Buying your first house is the start of a new and exciting chapter and is a defining moment in your life. It is also an expensive process and at times it can feel overwhelming. Decisions are made quickly and it’s likely to be the single biggest investment you’ll have made to date.
The language used and ways of working in the house buying process can seem confusing and it’s difficult to know who to trust when it’s your first time around.
Find below a list of the costliest mistakes made by first time buyers, to help you steer clear of digging deeper into your finances:
1. Borrowing beyond your means
House prices rise sometimes very quickly. Over the final three months of 2016 the average house price in Australia rose by $25,400 to $656,800. For first time buyers, this can be daunting and, if your finances don’t match up, you may find it near impossible to enter the market.
It can be tempting to increase your borrowing in the face of dramatic increases in house prices. First Home Buyers Australia reported that during 2016 the average home loan size in Australia increased by 0.6 per cent. When you look at the figures by state the scale of borrowing becomes even more evident:
- The average size of NSW first home buyer loans grew by 4 per cent to $365,900,
- VIC decreased by 1.7 per cent to$315,100,
- QLD grew by 2.6 per cent to $305,500,
- WA grey by 1.1 per cent to $321,100.
- Tasmania plummeted by 15.8 per cent to $216,900; and
- The ACT average first home loan size decreased by 4.5 per cent.
Whilst it may be tempting to borrow more it is important not to overextend your finances. Your initial borrowing turns into mortgage repayments and failure to meet your mortgage demands comes with serious consequences not to mention added stress.
Buying at the edge of your means leaves you far more vulnerable to unexpected costs and changes in the market. In short, it’s not worth it.
2. Skipping the inspections
We’ve all heard the saying ‘Never judge a book by its front cover’, the same goes for houses. Clean and crisp interiors and an attractive garden could be masking serious and fundamental problems with the property. Only experts are qualified to assess these problems and building and pest inspections are an essential part of the process.
Buying a house is a big decision and a huge investment. Make sure you treat the decision with the gravity it deserves by mitigating all possible risks. A building inspection highlights any issues before you buy and may pick up serious problems which need to be resolved imminently.
A pest inspection report will give you an idea of whether the property has any costly pest problems to resolve. These inspections are indispensable tools for any property buyer, don’t skimp on this part. The reports could cost around $300 to $1,000, but in the long run they may save you thousands. It’s worth it.
3. Not shopping around
Your first house viewings are exciting and it’s difficult not to get carried away by letting your heart rule your head.
You’re looking for the property you love, the one in which you’ll make memories in for months and years to come. In the early days, when you feel like saying ‘yes’ to the first property you come across remember that you may be missing out on the one you’ll absolutely love by not shopping around.
To guide your search and ensure you’re viewing properties that suit your needs make the most of resources like Pricefinder and Residex. These resources help you to find neighbourhoods that might fit your price range, and talk to a local real estate agent you trust to further guide your search.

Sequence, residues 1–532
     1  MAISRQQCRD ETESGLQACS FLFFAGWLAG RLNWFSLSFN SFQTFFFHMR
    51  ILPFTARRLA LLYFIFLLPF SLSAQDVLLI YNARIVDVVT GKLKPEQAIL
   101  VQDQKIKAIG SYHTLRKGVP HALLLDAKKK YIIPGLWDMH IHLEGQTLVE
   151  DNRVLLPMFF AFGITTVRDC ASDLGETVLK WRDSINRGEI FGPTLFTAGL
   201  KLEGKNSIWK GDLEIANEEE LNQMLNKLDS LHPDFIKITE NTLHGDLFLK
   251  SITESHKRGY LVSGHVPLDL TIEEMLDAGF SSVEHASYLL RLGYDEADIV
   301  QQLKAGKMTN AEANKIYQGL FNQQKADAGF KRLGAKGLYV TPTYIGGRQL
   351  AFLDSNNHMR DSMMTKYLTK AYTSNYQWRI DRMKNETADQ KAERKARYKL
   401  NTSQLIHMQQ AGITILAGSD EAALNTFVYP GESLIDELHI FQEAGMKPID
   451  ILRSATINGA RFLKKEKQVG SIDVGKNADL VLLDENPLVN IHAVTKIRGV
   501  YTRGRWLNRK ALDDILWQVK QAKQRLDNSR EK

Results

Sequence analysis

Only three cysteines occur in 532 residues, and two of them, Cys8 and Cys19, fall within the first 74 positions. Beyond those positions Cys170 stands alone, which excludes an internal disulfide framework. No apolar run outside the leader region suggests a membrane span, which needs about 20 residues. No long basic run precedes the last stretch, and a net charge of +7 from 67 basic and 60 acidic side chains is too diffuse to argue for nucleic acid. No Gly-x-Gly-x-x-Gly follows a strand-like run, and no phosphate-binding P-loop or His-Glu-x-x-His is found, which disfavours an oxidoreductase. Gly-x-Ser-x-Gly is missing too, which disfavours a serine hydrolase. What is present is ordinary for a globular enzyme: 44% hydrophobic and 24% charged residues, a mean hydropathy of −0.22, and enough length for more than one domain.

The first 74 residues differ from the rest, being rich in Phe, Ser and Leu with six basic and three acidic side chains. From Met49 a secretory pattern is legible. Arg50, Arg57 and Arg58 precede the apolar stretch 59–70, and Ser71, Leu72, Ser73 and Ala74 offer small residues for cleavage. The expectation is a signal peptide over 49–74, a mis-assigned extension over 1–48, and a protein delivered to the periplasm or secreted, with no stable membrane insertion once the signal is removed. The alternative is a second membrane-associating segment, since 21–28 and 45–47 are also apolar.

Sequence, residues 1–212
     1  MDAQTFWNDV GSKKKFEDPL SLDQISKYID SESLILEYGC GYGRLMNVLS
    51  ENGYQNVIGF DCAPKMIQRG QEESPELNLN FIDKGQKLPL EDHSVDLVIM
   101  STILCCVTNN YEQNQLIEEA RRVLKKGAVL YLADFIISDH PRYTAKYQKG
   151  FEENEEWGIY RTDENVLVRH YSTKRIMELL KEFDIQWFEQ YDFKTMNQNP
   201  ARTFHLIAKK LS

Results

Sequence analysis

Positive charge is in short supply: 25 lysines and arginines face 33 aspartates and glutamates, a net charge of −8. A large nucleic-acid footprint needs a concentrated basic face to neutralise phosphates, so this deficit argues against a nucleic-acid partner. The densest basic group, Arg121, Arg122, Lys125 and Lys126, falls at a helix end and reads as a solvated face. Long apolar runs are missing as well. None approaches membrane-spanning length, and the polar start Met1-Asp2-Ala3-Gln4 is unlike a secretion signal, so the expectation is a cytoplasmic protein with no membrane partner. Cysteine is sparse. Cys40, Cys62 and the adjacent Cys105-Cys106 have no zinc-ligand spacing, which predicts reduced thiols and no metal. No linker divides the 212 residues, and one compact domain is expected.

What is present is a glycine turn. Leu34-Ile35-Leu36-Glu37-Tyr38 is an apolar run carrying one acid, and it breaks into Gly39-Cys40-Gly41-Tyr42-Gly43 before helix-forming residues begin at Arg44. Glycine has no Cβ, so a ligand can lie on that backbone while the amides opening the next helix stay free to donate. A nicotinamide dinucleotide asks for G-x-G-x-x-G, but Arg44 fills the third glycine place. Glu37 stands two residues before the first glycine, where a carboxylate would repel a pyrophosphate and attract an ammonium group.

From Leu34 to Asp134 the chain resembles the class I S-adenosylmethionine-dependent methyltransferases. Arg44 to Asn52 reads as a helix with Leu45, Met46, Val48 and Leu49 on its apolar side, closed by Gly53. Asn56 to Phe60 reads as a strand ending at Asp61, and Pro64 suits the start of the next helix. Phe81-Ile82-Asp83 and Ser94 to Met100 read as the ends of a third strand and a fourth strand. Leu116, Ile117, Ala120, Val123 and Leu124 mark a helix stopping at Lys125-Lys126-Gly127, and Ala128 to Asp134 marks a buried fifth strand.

4. Going it alone
Don’t underestimate the power and helpful support of mortgage brokers and real estate agents. For most people buying a house is something they will only do a few times in their lifetime. Therefore, it’s a difficult process to become accustomed to.
Being independent and self-sufficient, as most young Australians are, is a good thing and is probably one of the many reasons you find yourself entering the housing market.
However, it is important to seek specialist help on your house buying journey. It’s a big decision and investment so treat it like one.
A First Home Buyers Australia survey found that the most helpful services available to first time buyers are mortgage brokers (38% of votes) and real estate agents (25% of votes). Don’t overlook those who can help with this momentous decision, it could cost you in the future.
5. Overlooking grants
State first home owners grants exist to support first time buyers to enter the market, it may sound too good to be true but it’s not. However, first home buyers often overlook these grants and instead rely on their own savings. Don’t make this costly mistake.
To access grants, contact your local authority. The following are the grant amounts by state:
- NSW: new builds only, up to $10,000.
- VIC: new builds only, between $10,000 and $20,000.
- QLD: new builds only, up to $20,000 until June 31 and $15,000 afterwards.
- WA: new builds and substantially renovated homes, up to $10,000.
- SA: new builds only, up to $15,000.
- TAS: new builds only, up to $20,000 until June 31 and $10,000 afterwards.
To improve your chances of receiving a grant apply early and make sure you have all the necessary documentation.
By avoiding the common mistakes outlined here, and seeking help where you need it, there’s absolutely no reason why your next chapter in your first home can’t be a step towards a new adventure.
The information and links provided on this website are for general information only and should not be taken as constituting professional advice. This information does not take into account the financial situation or particular needs of individual readers. Before making any decisions about matters discussed on this website, you should consider whether it is suitable for you in light of your own circumstances, and seek appropriate advice.